Stronger protections for detainees after police mistreat dental technician

Kummer v. the Czech Republic  | 2014

Stronger protections for detainees after police mistreat dental technician

 the shackling and stretching of the applicant must have caused him considerable pain

Judgment of the European Court of Human Rights, 25th July 2013 - © Photo Blesk


Vladimir Kummer was a dental technician. One night in May 2010 he was walking home from a bar when he was stopped by police – allegedly for urinating in the street. The police asked for Mr Kummer’s identity card, which he said he could give them if they accompanied him to his house, which was 50 metres away.

Instead, Mr Kummer was taken to the local police station. He claimed that he was put in a cell, shackled, and punched in the back of the head and in the face. He was then left hanging from his outstretched arms, which were shackled to different walls. After 30 minutes in this agonising position, he was told to go home. As a result of his injuries, Mr Kummer was unable to work for 16 days. 

A criminal investigation concluded that the police officers involved had not done anything wrong. A later report by the Ombudsman found that a police officer had committed a disciplinary offencebut there was no finding that Mr Kummer had been physically ill-treated.

Judgment of the European Court of Human Rights

Given the evidence before it, the European court could not rule on whether Mr Kummer had been beaten. However, due to the painful and unnecessary way in which he had been left hanging by his arms in the cell, the court concluded that he had been subjected to degrading treatment.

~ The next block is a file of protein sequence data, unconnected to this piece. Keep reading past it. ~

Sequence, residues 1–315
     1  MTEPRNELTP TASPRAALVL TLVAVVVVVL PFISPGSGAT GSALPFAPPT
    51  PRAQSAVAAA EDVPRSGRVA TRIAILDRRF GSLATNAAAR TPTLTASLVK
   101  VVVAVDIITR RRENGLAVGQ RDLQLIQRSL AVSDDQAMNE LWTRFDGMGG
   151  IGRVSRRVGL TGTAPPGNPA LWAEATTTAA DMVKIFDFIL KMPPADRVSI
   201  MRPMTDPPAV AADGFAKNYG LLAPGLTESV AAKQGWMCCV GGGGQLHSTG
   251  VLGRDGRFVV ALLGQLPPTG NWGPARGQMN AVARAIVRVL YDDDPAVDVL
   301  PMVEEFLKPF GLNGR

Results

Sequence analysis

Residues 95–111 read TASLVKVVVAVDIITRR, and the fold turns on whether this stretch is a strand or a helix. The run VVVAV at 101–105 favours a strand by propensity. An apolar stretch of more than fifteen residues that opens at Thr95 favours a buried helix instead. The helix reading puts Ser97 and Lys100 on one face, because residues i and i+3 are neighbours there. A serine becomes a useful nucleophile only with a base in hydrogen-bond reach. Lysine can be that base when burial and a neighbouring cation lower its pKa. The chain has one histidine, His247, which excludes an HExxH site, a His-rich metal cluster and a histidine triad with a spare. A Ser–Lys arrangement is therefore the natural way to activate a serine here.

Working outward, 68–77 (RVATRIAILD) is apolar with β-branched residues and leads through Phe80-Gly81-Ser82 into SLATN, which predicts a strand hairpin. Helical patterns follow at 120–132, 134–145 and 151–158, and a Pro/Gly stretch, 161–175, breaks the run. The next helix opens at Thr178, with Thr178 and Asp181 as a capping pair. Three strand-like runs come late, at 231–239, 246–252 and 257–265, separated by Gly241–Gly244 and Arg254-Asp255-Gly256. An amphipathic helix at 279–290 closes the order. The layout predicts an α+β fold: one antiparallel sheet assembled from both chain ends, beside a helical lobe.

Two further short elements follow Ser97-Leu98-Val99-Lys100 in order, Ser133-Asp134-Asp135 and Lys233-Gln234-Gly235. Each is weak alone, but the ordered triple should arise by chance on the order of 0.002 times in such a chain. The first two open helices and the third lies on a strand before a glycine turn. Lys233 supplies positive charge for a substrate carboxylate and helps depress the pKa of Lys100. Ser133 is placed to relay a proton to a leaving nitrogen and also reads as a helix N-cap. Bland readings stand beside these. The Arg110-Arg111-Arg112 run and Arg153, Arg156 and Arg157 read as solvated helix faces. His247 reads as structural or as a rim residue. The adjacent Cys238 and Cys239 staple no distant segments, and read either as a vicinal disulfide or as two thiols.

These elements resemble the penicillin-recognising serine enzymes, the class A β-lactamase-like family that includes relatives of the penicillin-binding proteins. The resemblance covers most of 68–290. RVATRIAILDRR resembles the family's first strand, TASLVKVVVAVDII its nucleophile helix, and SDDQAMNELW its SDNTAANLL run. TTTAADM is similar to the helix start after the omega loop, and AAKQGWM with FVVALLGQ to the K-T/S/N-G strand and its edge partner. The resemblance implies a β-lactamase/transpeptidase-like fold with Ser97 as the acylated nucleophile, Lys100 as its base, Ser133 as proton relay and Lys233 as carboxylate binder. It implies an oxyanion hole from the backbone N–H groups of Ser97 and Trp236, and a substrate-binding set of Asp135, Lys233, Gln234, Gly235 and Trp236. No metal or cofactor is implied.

The court also found that the investigation into the incident had suffered from unnecessary delays and had not been properly independent. In the circumstances, Mr Kummer’s right to an effective investigation had also been breached.


Following this and another case, a series of reforms took place to ensure there are effective investigations into allegations of police ill-treatment.

In 2012 the independent General Inspection of the Security Forces (GISF) was set up to investigate crimes allegedly committed by police officers.

In 2013 the Constitutional Court of the Czech Republic changed its case law. The courts must now consider in more detail whether allegations have been effectively investigated.

The European court judgment in Mr Rimmer’s case was translated into Czech and sent to the heads of the relevant public institutions. This and other international human rights standards on the treatment of detainees were included in police training sessions. The Police President ordered an inspection of all police cells in the Czech Republic to ensure that there were no iron rings installed in them.

In 2015 the Police President changed a binding instruction to police officers to specify that shackling a person to a fixed object should only be done if needed to prevent dangerous conduct. The use of such restrictions in cells is now only allowed in exceptional circumstances.  

Related examples

Reforms made following the inhuman treatment of a four-year-old girl

When she was four years old, Tabitha Mitunga was detained by the Belgian authorities for almost two months – without family, friends, or anybody assigned to look after her. She suffered psychological damage and the Strasbourg court ruled that her rights had been violated. Her case highlighted the need for better protections for unaccompanied children in Belgium and led to substantial reforms.

Read more

Failure to investigate alleged brutality against man trying to help the police

Cvetan Trajkoski tried to report a dangerous situation to the police. He was then allegedly beaten by a group of officers – apparently because he had parked his car in the wrong place. The European court ruled that the authorities had failed to properly investigate the alleged attack. This and other cases led to reforms to ensure proper investigations of alleged police brutality.